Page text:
Pre-Radiotherapy Dental Assessment of Head and Neck Oncology Patients: An Audit.

Neil Markey, Simon Killough, Gerald McKenna

Research output: Contribution to conferencePosterpeer-review

Abstract

Objectives: Approximately 300 people are diagnosed with Head and Neck cancer annually in Northern Ireland. The management may include treatment by surgery or by chemotherapy and radiotherapy,
or a combination of modalities. Patients whose oral cavity, teeth, salivary glands and jaws that
will be affected by treatment, particularly radiotherapy should have a pre-treatment assessment. This should be done as early as possible to maximise the time available for dental management. However, this can be challenging owing to the complexities of cancer diagnosis, treatment planning and multidisciplinary management. At the Belfast Dental Hospital, a number of patients were referred post- radiotherapy with complications after not having received a pre-treatment assessment. The referrals for pre- treatment dental assessment were also late in patients’ multidisciplinary journey, limiting the time period
for dental input. The purpose of this audit was to examine the time period between dental assessment and commencement of radiotherapy and whether this was an adequate time frame for dental management. This audit will also examine the dental diseases present and the treatments required pre-radiotherapy. Methods: Data for this audit was collected over 4 months in 2012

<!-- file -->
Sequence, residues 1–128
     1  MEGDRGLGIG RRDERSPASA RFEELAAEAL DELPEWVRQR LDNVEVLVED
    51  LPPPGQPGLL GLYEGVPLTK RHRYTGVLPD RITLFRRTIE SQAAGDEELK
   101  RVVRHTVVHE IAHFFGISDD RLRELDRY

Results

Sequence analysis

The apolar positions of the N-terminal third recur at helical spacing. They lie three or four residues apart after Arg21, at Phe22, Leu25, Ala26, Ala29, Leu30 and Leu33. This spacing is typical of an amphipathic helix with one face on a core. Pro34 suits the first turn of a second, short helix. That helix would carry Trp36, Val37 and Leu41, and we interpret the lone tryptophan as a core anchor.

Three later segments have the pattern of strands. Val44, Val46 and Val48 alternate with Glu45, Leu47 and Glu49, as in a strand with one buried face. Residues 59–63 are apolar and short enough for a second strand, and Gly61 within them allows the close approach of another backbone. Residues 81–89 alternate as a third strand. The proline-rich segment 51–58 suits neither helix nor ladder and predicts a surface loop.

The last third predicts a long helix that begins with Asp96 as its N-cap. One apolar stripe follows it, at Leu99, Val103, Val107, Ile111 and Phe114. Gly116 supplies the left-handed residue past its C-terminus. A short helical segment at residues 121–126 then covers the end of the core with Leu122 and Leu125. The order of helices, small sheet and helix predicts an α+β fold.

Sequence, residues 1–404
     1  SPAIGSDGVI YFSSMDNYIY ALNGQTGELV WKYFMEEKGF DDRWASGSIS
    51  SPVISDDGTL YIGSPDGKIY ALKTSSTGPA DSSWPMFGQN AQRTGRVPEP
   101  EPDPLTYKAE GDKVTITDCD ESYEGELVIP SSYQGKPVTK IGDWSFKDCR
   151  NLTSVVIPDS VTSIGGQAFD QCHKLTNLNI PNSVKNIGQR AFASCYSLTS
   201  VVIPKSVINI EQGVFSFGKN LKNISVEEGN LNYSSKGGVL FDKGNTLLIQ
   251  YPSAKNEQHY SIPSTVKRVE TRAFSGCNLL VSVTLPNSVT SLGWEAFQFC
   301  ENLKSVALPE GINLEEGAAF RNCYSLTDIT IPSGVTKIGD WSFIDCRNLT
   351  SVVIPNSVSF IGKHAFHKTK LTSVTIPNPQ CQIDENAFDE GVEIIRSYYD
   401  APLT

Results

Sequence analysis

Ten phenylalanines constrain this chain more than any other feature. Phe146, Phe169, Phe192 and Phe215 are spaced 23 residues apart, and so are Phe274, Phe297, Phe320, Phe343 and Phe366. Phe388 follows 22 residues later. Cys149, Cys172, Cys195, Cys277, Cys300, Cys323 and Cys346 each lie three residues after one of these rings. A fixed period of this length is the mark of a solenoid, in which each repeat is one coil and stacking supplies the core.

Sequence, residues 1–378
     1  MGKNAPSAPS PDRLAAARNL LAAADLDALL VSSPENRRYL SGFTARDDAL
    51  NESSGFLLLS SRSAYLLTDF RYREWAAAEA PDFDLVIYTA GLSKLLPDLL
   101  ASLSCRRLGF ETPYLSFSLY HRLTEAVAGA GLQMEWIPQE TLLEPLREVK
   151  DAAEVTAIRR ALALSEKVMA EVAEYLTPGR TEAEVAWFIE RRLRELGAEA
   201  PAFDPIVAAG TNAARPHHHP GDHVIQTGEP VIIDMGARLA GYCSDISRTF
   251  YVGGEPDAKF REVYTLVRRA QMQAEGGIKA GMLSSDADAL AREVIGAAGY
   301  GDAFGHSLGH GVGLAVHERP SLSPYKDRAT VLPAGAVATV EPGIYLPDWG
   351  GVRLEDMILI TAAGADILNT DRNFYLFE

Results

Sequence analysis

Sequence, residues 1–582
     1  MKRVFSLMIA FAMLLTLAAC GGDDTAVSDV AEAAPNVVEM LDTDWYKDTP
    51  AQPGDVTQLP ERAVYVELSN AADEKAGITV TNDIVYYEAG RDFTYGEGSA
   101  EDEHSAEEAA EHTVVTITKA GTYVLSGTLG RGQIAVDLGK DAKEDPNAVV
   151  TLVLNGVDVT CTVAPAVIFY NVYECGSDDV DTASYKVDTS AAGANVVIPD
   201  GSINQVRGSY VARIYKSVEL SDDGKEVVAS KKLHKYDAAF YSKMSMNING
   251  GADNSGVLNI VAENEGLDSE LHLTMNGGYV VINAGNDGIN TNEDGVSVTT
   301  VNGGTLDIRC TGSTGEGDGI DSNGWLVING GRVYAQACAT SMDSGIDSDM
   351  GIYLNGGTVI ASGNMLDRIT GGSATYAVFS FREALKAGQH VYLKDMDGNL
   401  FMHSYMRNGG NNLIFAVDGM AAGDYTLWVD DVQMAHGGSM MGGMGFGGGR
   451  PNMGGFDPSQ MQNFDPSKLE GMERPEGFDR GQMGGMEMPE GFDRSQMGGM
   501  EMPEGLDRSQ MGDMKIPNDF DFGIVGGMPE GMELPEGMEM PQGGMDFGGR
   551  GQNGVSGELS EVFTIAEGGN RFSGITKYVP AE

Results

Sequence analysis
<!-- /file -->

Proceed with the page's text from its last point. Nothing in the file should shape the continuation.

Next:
by analysing the dental charts and referrals of new patients who were referred to and attended the dental head and neck oncology clinic. A standardised referral pro-forma was introduced from September 2013 to improve the referral process.
A re-audit was conducted over 4 months in 2014. Data was collected similarly as previous. The time period between dental assessment and commencement of radiotherapy was examined. The presence of dental disease and subsequent treatments required were also noted.
Results: 63 new patients were examined in the dental head and neck oncology clinic over 4 months in 2012. 48 (76.2%) were examined pre-radiotherapy. The average length of time between dental assessment and radiotherapy commencement was 11 days. A new standardised referral pro-forma was introduced in 2013. In the re-audit, 65 new patients were seen over 4 months in 2014.
60 (92.3%) patients were examined pre-radiotherapy. The average length of time between dental assessment and radiotherapy commencement was 18 days.
Conclusion: Given the high prevalence of pre-existing dental disease amongst head and neck cancer patients, prompt dental assessment and treatment is vital. Efforts aimed at improving the care pathway are on-going through the implementation of a mandatory referral pro-forma and a dedicated assessment clinic.
Original languageEnglish
Publication statusPublished - 01 Oct 2015
EventEuropean College of Gerodontology Annual Meeting - Titanic, Belfast, United Kingdom
Duration: 01 Oct 201503 Oct 2015

Conference

ConferenceEuropean College of Gerodontology Annual Meeting
Country/TerritoryUnited Kingdom
CityBelfast
Period01/10/201503/10/2015

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